• In the United States, consumer prices rise again in November
  • Oracle leaps on bullish quarterly results and outlook
  • Rising indices: Dow 0.19%, S&P 0.52%, Nasdaq 0.30%

December 10 (Reuters) – U.S. stock indexes edged up on Friday after data showed consumer prices rose in line with estimates last month, relieving investors concerned about the aggressive monetary policy tightening of the Federal Reserve.

The Department of Labor report showed that consumer prices in the United States accelerated 6.8% in the 12 months to November, their highest level since 1982, while the cost of goods and services increased significantly in a context of supply constraints.

The so-called core consumer price index (CPI) jumped 4.9% year-on-year after gaining 4.6% in October. Read more

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Economists polled by Reuters had forecast the CPI to rise 6.8% and the core CPI 4.9%.

“Today’s rise in inflation in the United States was widely expected, but it confirms that price pressures continue to intensify but also to spread,” said Jai Malhi, market strategist worldwide at JP Morgan Asset Management.

“This release will not deter (the Fed) from speeding up the process (of typing), allowing the central bank to raise rates earlier next year if necessary.”

Seven of S&P’s top 11 sectors advanced, with Defensive Consumer Goods (.SPLRCS), Real Estate (.SPLRCR) and Utilities (.SPLRCU) significantly outperforming, suggesting a caveat ahead of the policy meeting. the Fed next week.

“Right now we may be seeing investors take a more defensive stance looking for a bit of refuge until we know next Wednesday what the Fed is going to do,” said Sam Stovall, strategist. chief investment officer at CFRA Research in New York.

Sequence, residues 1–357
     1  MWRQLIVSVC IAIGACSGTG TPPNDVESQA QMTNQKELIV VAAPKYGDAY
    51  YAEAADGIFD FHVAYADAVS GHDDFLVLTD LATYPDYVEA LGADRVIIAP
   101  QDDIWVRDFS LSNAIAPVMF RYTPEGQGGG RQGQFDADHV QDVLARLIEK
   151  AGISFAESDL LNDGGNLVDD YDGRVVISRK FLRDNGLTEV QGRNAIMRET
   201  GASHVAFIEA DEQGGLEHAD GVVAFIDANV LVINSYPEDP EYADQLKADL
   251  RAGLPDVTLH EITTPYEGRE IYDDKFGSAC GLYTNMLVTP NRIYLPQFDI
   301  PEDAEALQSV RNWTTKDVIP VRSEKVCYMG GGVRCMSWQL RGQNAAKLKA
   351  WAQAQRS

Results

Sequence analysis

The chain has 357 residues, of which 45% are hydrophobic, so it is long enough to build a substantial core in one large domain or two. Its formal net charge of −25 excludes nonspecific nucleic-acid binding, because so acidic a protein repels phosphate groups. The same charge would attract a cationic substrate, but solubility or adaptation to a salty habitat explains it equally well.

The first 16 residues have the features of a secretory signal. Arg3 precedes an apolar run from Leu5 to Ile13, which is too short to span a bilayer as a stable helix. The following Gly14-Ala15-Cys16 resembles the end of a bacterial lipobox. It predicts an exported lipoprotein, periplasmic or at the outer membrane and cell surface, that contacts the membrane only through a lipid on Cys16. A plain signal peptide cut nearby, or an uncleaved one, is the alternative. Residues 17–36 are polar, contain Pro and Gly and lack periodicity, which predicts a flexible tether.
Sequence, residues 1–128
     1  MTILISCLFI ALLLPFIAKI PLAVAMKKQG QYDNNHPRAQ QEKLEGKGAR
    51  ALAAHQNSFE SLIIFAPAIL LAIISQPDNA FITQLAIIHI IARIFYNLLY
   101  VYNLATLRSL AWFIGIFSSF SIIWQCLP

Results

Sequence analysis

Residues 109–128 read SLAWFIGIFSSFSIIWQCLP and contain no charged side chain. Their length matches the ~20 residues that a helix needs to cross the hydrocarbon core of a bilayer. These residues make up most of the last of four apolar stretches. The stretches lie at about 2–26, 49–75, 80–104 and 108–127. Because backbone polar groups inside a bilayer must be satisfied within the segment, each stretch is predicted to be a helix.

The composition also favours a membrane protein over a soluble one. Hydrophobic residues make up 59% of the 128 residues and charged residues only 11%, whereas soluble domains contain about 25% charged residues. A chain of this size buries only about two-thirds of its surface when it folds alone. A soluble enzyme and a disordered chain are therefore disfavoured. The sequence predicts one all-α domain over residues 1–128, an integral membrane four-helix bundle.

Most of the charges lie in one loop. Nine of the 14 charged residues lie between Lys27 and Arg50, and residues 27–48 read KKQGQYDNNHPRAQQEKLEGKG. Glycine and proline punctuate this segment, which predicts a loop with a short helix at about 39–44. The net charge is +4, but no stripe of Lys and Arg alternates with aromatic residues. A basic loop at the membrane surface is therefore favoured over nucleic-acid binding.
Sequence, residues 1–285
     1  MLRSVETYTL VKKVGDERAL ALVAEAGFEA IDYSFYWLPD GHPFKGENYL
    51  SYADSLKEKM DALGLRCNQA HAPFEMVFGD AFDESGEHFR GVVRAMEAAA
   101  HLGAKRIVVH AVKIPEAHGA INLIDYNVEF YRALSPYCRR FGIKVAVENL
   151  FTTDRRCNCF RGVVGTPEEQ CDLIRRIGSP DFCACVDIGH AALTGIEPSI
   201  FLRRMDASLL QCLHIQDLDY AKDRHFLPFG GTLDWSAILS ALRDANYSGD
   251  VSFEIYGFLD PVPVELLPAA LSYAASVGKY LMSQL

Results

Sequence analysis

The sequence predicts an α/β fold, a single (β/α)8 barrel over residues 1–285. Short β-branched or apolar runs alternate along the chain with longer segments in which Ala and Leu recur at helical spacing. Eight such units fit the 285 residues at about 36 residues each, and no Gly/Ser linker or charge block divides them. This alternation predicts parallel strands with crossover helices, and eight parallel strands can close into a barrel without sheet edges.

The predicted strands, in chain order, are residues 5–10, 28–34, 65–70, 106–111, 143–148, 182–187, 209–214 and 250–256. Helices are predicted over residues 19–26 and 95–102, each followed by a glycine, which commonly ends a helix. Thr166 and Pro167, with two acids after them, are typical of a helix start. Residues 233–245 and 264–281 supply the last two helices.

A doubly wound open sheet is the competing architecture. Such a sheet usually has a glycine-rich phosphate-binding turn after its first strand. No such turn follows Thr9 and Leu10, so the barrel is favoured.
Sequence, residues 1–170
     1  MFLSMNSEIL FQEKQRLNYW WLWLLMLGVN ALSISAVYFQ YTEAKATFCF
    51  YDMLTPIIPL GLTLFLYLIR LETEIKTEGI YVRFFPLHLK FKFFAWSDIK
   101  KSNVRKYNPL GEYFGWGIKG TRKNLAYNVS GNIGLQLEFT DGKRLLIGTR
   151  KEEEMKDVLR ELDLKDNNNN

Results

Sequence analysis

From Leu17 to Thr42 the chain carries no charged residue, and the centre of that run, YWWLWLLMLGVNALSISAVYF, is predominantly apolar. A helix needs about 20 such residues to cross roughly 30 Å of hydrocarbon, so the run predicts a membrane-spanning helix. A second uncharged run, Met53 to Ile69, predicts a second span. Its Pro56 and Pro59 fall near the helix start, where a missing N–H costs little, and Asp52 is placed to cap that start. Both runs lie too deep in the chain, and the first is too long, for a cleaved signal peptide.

The US central bank’s policy meeting will be watched closely for comments on the trajectory of interest rate hikes next year as well as the slowing pace of bond purchases.

A Wall Street sign is visible in the financial district of New York, United States on November 8, 2021. REUTERS / Brendan McDermid

A Reuters poll of economists predicted that the Fed would hike rates by 25 basis points to 0.25-0.50% in the third quarter of next year, followed by another in the fourth quarter. However, most saw the risk of a hike coming even sooner. Read more

As of 12:24 p.m. ET, the Dow Jones Industrial Average (.DJI) was up 66.47 points, or 0.19%, to 35,821.16, the S&P 500 (.SPX) was up 24.22 points, or 0.52%, to 4,691.67, and the Nasdaq Composite (.IXIC) gained 46.67 points, or 0.30%, to 15,564.04.

Shares of Oracle Corp (ORCL.N) jumped 16% after the enterprise software maker forecast a bullish outlook for the third quarter. Read more

The S&P 500 Index (.SPX) fell 5.2% from a record high on Nov. 22 as investors digested Jerome Powell’s appointment as Fed chairman, his hawkish commentary to combat the soaring price pressures and the discovery of the Omicron variant of the coronavirus.

A positive update from Pfizer (PFE.N) and BioNTech on their vaccine offering some protection against the latest variant has pushed the top three indices for gains of over 3% each this week. The S&P is now down 1.2% from its all-time high.

Large-cap tech companies like Apple Inc (AAPL.O) and Microsoft Corp (MSFT.O) gained 1.3% and 1.7%, respectively, to give the major indices the biggest boost.

Broadcom Inc (AVGO.O) gained 8.0% as the semiconductor company sees first-quarter revenue above Wall Street expectations and announced a $ 10 billion share buyback plan. Read more

Falling issues outnumbered advances for a 1.18-to-1 ratio on the NYSE and a 1.50-to-1 ratio on the Nasdaq.

The S&P Index recorded 30 new 52-week highs and a new low, while the Nasdaq recorded 22 new highs and 113 new lows.

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Reporting by Devik Jain, Shreyashi Sanyal and Bansari Mayur Kamdar in Bangalore; Editing by Maju Samuel

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